What Are Scrum Artifacts? Definition and Benefits

Summary: Agile scrum artifacts are information that a scrum team and stakeholders use to detail the product being developed, actions to produce it, and the actions performed during the project. The main agile scrum artifacts are product backlog, sprint backlog, and increments.

Scrum is an increasingly popular framework for project management, and it has several artifacts that teams can use to ensure that their projects run smoothly. The scrum artifacts are essential for keeping a team’s workflow organized, and understanding how to use them effectively can greatly benefit your projects. In this blog post, we will be delving into scrum artifacts, exploring what they are, their purpose, and their best practices. We will also look at various tools and techniques you can use to make sure your scrum artifacts are being utilized correctly, ensuring that your projects are running as efficiently and productively as possible. By the end of this blog post, you will have a better understanding of scrum artifacts and how to use them in practice.

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What are Scrum artifacts?

The items a development team produces as part of a product development project, such as when developing software, are known as Scrum artifacts. Scrum teams, stakeholders, and clients can access important information from artifacts to stay informed about each stage of the product development process. Examples of key information in Scrum artifacts include: .

Scrum masters can use this data to determine the direction of product development. The goal-oriented product vision, team objectives, tool and resource lists, and plans for delivering product increments are among the key components of the process framework. A definition of “done” that encapsulates the conditions that a team must satisfy for the product to be finished is included in Scrum artifacts. Scrum artifacts are deliberate tasks that keep project teams on track to meet deadlines and guarantee software products and services meet client requirements.

What is Scrum?

In a software development project, a client request might be the initial artifact. A development team can then add tasks or other projects to finish the build. The Scrum methodology outlines the artifacts required to complete a project, with teams and professionals setting up periodic sprints that demand the completion of each project component before moving on to the following stage in the project plan.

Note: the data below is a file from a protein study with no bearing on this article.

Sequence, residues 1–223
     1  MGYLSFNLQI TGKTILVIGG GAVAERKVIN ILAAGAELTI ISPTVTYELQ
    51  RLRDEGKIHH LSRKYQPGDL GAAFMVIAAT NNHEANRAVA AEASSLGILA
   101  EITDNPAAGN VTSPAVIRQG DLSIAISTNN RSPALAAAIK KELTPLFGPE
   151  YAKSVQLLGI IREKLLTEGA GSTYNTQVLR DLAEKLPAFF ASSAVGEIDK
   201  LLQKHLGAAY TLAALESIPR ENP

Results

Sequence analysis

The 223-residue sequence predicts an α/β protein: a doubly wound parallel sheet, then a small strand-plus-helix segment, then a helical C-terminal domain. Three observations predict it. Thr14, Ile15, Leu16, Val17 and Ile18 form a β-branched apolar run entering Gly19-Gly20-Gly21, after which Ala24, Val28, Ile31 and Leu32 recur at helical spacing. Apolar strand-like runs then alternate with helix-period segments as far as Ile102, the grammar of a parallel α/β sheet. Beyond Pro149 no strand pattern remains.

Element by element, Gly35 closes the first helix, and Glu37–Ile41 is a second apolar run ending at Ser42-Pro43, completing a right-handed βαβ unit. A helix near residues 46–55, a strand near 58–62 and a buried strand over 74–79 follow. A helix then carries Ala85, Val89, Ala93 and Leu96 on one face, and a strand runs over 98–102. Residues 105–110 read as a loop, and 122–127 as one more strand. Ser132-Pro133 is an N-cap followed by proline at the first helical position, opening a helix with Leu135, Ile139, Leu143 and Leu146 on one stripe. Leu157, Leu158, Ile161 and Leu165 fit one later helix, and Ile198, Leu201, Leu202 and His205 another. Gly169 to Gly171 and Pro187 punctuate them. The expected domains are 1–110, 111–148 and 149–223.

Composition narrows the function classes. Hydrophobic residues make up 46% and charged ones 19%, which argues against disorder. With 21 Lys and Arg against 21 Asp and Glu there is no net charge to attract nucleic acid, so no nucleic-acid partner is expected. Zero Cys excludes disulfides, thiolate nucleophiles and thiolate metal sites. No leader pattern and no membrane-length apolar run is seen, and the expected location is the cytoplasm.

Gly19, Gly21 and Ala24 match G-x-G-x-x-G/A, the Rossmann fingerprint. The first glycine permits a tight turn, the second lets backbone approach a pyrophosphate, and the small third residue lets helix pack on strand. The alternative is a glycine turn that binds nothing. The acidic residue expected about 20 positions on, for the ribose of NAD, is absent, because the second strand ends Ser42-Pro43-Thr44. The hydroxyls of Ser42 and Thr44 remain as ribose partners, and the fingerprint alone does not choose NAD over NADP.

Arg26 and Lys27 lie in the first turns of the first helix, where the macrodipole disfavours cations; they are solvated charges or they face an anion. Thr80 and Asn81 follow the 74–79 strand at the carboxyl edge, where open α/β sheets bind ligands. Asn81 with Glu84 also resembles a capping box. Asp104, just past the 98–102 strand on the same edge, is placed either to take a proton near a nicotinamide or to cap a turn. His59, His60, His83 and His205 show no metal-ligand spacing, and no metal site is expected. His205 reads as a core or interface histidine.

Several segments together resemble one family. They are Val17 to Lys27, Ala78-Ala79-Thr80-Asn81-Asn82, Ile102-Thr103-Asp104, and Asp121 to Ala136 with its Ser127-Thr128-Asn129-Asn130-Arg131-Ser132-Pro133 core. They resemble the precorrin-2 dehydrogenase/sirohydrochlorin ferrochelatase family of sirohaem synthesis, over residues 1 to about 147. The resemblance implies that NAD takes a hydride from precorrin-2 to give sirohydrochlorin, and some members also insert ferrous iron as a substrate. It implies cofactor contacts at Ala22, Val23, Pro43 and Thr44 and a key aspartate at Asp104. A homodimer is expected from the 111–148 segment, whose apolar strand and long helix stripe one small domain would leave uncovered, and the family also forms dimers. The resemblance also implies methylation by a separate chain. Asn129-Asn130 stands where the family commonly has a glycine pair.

5 Scrum artifact types

The framework provided by Scrum artifacts allows the team to talk about what needs to be done and who should handle each task for a project. The documentation, specifications, and project outlines that teams need to complete software builds are typically divided into three categories by software development teams. The outline of your development plans may require the use of the following five Scrum artifacts:

1. Product increment

The product increment is a crucial Scrum artifact that teams produce at the start of a sprint. The most recent version of the software item or service can be found in this artifact. The increment serves as a basis for teams to meet each milestone during project sprints and serves as a prototype for the finished software product. The value of all the tasks you start to complete to deliver product increments by each set deadline is included in this Scrum artifact as well as the work that your development team has already completed.

2. Definition of “done”

The definition of “done” is yet another crucial element of the artifacts that teams use. When finishing software builds, this specification, which defines the boundaries of product increments, is essential because teams use it to determine the criteria that indicate when a project is complete. Teams can evaluate code, automated testing, and debugging errors as they update and deliver applications and software services using these criteria.

3. Burn-down chart

When monitoring project progress and communicating project objectives, Scrum teams may use the burn-down chart as an extended artifact. A burn-down chart can be used to display completed work for teams to review, track project milestones for each sprint, and list sprint objectives. This artifact is also useful for outlining how your team will carry out project tasks, which will increase efficiency when prioritizing tasks, keeping track of tasks that have been completed, and communicating any project updates.

4. Sprint backlog

Teams using the Scrum methodology keep track of the project’s parameters in a sprint backlog. Teams use this Scrum artifact to describe the project objectives and the milestones each sprint must meet in order to complete the project. Your team can have multiple sprint backlogs for a single project because the Scrum methodology for software projects uses multiple sprint cycles to reach completion. Additionally, the objectives and evaluation procedures for each project milestone must be outlined in this artifact.

5. Product backlog

Benefits of applying Scrum artifacts

Scrum artifacts provide key information to development teams. The Scrum team collaborates and establishes the artifacts to ensure everyone is aware of their roles, responsibilities, expectations, and project assignments after a company meets with a customer to discuss the project specifications. Other benefits of outlining artifacts for Scrum sprints include:

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